Author Debra Monroe is a beautiful boss. We’ve only met online, but even there she wields her every word like a gentle weapon of stark civility. Her writing is equally precise and deadly in the most beautiful way.
Widely published, her first book, 1990’s The Source of Trouble, won the Flannery O’Connor Award for Fiction. She’s since been busy publishing four other titles, most recently the nationally acclaimed On the Outskirts of Normal: Forging a Family Against the Grain.
She’s also widely published online. I am particularly fond of this essay on unhappy Christmases.
I asked her the My Monomania questions of WHO WHAT WHY WHEN WHERE and HOW recently, and this is what she said.
WHO: I’m the author of five books, just now wrapping up a sixth. Their titles are The Source of Trouble; A Wild, Cold State; Newfangled; Shambles; On the Outskirts of Normal; and My Unsentimental Education. According to reviewers, my books are “shrewd,” “feisty” or “fierce” as they explore (one reviewer’s phrase) “the disintegration of the American family.” This sounds tragic. It’s change, not disintegration, and it’s not tragic. People who think all change is bad are under the illusion that the life they knew as children was Eden and every modification since is a fall from grace. In my lifetime, the definition of family changed. People who see this change as bad blame women. People who don’t see this change as bad still understand that the attempt to remedy women’s lack of autonomy caused it.
WHAT: I’m obsessed with minute details about lives of women who accumulated power in times and places that discouraged them. I’m grateful to radical feminists because they made women like me seem moderate and so we got away with more, but I’m fascinated by women who increased their influence without explicitly breaking rules, women who held onto traditional facets of identity while adapting them. A new version of an old recipe, an improvisation on an old melody: a version of womanhood that retains the best bits of the past, modified.
WHERE: My grandmother was a North Dakota version of a flapper for a few years before she married. Then she cooked, gardened, canned, and sewed for six children. Her husband did what he would (gambling) with the annual chunk of cash from harvest. Rejecting this life, my mother became a shopkeeper’s wife, a bookkeeper who’d keep an eye on how the money came and went. My preoccupation with women who sought power without becoming outcasts focuses on middle-America.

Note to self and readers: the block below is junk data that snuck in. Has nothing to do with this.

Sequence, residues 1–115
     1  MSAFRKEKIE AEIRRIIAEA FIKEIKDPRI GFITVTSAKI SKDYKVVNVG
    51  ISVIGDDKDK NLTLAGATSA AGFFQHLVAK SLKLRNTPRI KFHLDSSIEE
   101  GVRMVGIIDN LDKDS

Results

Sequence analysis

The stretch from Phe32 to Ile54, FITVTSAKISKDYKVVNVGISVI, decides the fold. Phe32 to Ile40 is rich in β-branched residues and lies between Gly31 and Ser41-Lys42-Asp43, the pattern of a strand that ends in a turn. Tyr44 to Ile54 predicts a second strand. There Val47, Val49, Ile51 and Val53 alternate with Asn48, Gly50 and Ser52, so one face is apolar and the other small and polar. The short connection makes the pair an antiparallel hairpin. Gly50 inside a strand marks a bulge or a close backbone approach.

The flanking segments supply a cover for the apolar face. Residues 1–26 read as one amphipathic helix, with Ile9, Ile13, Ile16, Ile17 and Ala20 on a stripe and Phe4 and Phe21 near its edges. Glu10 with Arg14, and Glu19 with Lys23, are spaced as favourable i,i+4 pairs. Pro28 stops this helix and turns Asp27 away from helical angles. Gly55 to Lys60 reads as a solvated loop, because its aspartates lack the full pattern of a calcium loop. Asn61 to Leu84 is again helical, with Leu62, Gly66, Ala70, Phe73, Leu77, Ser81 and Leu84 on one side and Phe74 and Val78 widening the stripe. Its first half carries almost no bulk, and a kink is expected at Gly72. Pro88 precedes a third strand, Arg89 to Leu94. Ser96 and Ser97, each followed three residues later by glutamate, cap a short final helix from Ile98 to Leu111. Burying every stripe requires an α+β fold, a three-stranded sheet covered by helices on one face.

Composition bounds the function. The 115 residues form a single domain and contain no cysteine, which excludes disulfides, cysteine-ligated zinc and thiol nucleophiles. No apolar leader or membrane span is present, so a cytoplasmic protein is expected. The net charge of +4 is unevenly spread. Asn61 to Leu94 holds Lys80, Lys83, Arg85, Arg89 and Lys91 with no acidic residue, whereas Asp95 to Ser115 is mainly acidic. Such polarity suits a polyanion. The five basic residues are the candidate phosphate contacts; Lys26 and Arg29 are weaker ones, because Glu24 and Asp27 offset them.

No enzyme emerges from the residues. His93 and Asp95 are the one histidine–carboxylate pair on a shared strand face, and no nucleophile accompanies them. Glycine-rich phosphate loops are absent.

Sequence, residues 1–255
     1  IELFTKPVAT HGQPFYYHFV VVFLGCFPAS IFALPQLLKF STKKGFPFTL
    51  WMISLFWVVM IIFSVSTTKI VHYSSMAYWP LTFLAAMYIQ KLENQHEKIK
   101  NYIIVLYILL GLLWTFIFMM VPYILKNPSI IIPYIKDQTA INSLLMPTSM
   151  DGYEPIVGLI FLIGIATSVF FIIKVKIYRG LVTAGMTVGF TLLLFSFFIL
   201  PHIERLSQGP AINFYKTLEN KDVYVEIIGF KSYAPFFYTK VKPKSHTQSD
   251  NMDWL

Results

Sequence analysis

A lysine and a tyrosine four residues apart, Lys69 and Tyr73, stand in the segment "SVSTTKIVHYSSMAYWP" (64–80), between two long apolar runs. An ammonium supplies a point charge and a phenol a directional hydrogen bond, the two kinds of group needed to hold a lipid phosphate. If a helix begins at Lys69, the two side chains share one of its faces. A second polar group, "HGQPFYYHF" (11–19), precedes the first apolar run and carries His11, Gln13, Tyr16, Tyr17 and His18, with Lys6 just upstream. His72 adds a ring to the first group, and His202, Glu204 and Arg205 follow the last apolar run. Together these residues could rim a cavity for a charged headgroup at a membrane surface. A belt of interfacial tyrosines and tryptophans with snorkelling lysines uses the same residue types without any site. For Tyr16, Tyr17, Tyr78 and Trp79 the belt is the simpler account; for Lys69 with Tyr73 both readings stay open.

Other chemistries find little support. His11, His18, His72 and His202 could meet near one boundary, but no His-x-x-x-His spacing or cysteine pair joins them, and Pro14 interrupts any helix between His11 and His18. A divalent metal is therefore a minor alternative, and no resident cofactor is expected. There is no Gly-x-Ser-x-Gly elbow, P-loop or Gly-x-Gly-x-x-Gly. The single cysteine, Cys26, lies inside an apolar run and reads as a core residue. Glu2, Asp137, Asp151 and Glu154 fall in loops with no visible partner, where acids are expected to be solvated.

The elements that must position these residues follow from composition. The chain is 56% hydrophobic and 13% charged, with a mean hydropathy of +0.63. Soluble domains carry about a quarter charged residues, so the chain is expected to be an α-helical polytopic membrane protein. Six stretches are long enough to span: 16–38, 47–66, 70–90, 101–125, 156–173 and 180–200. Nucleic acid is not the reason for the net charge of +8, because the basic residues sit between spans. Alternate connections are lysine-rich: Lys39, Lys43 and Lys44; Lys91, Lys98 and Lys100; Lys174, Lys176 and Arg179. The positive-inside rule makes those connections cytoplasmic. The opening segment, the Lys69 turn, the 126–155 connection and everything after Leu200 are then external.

A rags-to-riches story of a woman’s rise to power is interesting because a poor person breaking rules has risk-taking courage: nothing to lose, everything to gain. A suffragette or feminist with economic means might lose social standing, but her risks are existential, not material. I’m interested in women who held onto what they had and enlarged it. This occurs in a specific social class. What they had was hard-won. It couldn’t be discarded. It had to be altered, let out.
WHEN: I was a school child in the 1960s. The mechanization of housework increased women’s leisure, yet the socially sanctioned list of what to do with that leisure didn’t increase. Stereotypes from this era suggest that most women had no desire, or a mere caprice of desire, for an enlarged field in which to pursue careers. But there were rewards for the old role, for being regarded as “the angel of the house,” as Harriet Beecher Stowe once called a wife and mother, “the facilitator of the family dialectic.” There were punishments for rejecting this role too. Alice Munro said, “It wasn’t the housework or the children that dragged me down. It was the sort of open rule that women who tried to do anything so weird as writing were unseemly and possibly neglectful.” She had a different sort of courage: tenacious, covert. She spent decades carving out routes toward her career.
WHY: This era and social class was the template I was impressed by. Or it was impressed on me. I couldn’t reject this flattering description of my easiest, immediate options. If wives or mothers were the essential undergirding for the world’s business, run by men, did I want to walk away from the chance to be essential? No. But I wanted more.
HOW: I read nonstop, from an early age. If local norms suggested I should be one kind of woman, books triggered new desires. I left home forever. I was a woman divided, with a huge split between my private life—defined by how and to whom I made love, how found my way to a man’s heart via good cooking and housekeeping—and my public life, in which I must have seemed like a confident feminist. I was a good actor. Both of my selves interlock now. But I didn’t arrive here without shredding connections to the past. My sense of tradition is abstract, not tangible. I long for family reunions, for what was once called Old Home Week. In real life, I’m stranger to my past. In my imagination, though, I live there forever, or in the gap in the ragged seam between who I was and who I became.